Government suspends visa issuance to young âretireesâ
Tourism Secretary Bernadette Romulo-Puyat, who serves as PRA board chairperson, also directed the PRA to implement an enhanced program to regularly monitor the profile and activities of active SRRV holders in coordination with other government agencies, such as the Bureau of Immigration (BI), Department of Justice and the Department of Labor and Employment.
The STAR/Miguel De Guzman, File
Government suspends visa issuance to young ‘retirees’
Ghio Ong, Catherine Talavera (The Philippine Star) - October 24, 2020 - 12:00am

MANILA, Philippines  — The Philippine Retirement Authority (PRA), an agency attached to the Department of Tourism (DOT), has suspended the issuance and processing of Special Retirees Residence Visa (SRRV) as it works to review and amend its policies on age and visa deposit requirements.

PRA general manager Bienvenido Chy said the suspension was among the directives the board of trustees issued during yesterday’s special meeting.

“Pending the ongoing review of the SRRV program and the authority’s compliance with the directives set forth by the Philippine Retirement Authority’s Board of Trustees (BOT) during the board meeting held on 23 October 2020, the public is hereby advised that the acceptance and processing of applications for new SRRV at the PRA Head office and all satellite offices is suspended beginning 23 October 2020 until further notice,” the PRA advisory reads.

SRRV is a special non-immigrant visa for foreign nationals who would like to make the Philippines their second home or investment destination.

Under the current policy of PRA, SRRV applicants have to be at least 35 years old. This policy has been in place since 1993, when the minimum age requirement was revised from 50 years to 35.

Tourism Secretary Bernadette Romulo-Puyat, who serves as PRA board chairperson, also directed the PRA to implement an enhanced program to regularly monitor the profile and activities of active SRRV holders in coordination with other government agencies, such as the Bureau of Immigration (BI), Department of Justice and the Department of Labor and Employment.

In addition, the PRA was instructed to coordinate with the Tourism Promotions Board (TPB) for the formulation and review of PRA’s marketing and product development plans, and the benchmarking of its retirement program with other countries.

The PRA Board, which also has the BI and Bangko Sentral ng Pilipinas as members, will convene on Nov. 6 for urgent policy reforms that include a reassessment of the age requirement policies.

This was after senators raised concerns on job sufficiency and national security during a recent senate hearing.

Sen. Nancy Binay earlier urged for the review of PRA policies as well as the monitoring of the relatively young foreign retirees staying in the country to find if they are competing for local jobs or pose risks to national security.

“It’s high time to review the policy that at 35 years old, you can already retire in the Philippines just by depositing $50,000 (about P2.5 million) in a bank or buy a condominium unit worth P2.5 million,” Binay said.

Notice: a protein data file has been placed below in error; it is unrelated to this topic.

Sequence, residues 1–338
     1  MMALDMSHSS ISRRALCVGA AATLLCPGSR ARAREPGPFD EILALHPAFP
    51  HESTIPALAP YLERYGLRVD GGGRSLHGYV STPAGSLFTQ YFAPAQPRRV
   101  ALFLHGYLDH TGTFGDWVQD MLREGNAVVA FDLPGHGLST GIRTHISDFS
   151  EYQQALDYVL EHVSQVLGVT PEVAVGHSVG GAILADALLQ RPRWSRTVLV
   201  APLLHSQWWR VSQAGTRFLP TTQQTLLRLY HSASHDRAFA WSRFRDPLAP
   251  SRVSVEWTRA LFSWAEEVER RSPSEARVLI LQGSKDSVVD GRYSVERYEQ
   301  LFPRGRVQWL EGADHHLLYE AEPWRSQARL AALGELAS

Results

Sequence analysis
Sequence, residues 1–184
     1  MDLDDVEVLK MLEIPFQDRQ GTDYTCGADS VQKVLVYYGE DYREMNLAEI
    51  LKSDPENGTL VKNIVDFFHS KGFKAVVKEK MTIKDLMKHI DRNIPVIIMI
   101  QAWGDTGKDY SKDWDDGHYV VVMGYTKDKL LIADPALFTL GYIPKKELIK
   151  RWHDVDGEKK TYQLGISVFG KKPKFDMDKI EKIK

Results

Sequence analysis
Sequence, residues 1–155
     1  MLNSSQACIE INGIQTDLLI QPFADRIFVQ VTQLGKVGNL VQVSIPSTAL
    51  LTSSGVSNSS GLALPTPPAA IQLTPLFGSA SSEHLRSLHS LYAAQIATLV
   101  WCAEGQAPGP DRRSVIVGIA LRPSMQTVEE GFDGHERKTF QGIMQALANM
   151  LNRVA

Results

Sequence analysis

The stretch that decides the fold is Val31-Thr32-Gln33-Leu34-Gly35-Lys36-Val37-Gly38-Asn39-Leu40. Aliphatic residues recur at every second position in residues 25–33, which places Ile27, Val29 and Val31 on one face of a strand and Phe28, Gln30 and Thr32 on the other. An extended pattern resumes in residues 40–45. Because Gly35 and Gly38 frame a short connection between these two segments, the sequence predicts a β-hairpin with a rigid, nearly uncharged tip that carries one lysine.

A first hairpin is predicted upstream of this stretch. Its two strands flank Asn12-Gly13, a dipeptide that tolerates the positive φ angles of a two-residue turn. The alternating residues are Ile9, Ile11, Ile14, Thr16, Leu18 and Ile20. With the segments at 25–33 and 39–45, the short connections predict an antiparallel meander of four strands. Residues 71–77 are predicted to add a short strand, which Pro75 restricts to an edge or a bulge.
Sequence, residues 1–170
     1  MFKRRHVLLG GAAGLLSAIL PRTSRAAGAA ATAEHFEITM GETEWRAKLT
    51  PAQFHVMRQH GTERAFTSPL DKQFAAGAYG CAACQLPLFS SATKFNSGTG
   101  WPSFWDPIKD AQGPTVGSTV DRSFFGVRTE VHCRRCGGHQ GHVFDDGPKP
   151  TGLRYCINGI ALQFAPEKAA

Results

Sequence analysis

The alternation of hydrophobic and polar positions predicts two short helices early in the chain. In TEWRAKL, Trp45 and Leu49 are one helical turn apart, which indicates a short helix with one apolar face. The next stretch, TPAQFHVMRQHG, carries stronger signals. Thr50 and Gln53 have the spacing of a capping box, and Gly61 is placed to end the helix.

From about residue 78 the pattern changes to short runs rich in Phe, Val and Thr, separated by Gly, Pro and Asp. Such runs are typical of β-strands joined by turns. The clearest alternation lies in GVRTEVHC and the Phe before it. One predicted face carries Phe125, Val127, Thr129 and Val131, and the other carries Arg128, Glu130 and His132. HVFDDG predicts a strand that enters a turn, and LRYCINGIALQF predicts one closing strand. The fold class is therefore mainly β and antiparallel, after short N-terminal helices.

During the hearing, Senate finance subcommittee chairman Richard Gordon raised alarm on the number of Chinese PRA member-retirees that are as young as 35 years old. He called the policy dangerous and emphasized its implications on national security.

In an earlier phone interview, Chy told The STAR that the policy is not exclusive to the Chinese but also applies to all foreign nationals applying for the SRRV.

Sen. Joel Villanueva also called out the policy, stressing that given their age, these Chinese nationals could still be working in the Philippine offshore gaming operators (POGO) sector.

As of end-2019, data from the PRA showed there were 26,969 Chinese nationals enrolled with the PRA. They are all SRRV holders, including principal retirees as well as their spouses and dependents.

However, in terms of principal retirees, there are a total of 10,813 Chinese retirees. The bulk of this figure or 8,130 are in the 35- to 49-year-old age bracket.

Chy said he acknowledges the concern raised by the senators on national security, but stressed that the PRA is very careful in accepting foreign retirees.

“What we’re doing with the Chinese and other nationalities that avail of our program is that we require them to secure a police clearance from their country of origin,” he said in mixed Filipino and English.

He emphasized that the PRA also double-checks these applications with the International Criminal Police Organization or Interpol.

Among PRA’s other top enrollee nationalities are Koreans at 13,912; followed by Indians at 5,971; Taiwanese at 4,801 and Japanese at 3,950.

The rest include Americans, Hong Kongers, British, Germans and Australians.

The PRA is an attached agency of the DOT, mandated to develop and promote the Philippines as a retirement haven as a means of accelerating the social and economic development of the country. It was established in 1985.

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